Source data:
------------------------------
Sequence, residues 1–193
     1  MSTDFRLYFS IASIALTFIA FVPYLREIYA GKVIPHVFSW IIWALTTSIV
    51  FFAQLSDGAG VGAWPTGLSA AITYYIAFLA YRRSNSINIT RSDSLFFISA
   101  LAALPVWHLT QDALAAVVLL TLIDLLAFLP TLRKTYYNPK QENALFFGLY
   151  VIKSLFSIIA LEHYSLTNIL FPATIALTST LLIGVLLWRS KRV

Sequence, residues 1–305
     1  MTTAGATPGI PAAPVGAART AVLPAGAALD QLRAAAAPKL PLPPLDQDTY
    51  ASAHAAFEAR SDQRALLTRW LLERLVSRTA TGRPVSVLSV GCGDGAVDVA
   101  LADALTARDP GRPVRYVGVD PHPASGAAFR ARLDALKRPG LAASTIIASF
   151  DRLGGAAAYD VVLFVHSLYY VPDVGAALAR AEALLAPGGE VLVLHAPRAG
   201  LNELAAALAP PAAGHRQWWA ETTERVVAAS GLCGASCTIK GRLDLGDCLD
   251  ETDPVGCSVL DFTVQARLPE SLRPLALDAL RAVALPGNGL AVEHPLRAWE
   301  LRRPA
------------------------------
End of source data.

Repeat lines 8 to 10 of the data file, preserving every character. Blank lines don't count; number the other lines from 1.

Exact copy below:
    51  ASAHAAFEAR SDQRALLTRW LLERLVSRTA TGRPVSVLSV GCGDGAVDVA
   101  LADALTARDP GRPVRYVGVD PHPASGAAFR ARLDALKRPG LAASTIIASF
   151  DRLGGAAAYD VVLFVHSLYY VPDVGAALAR AEALLAPGGE VLVLHAPRAG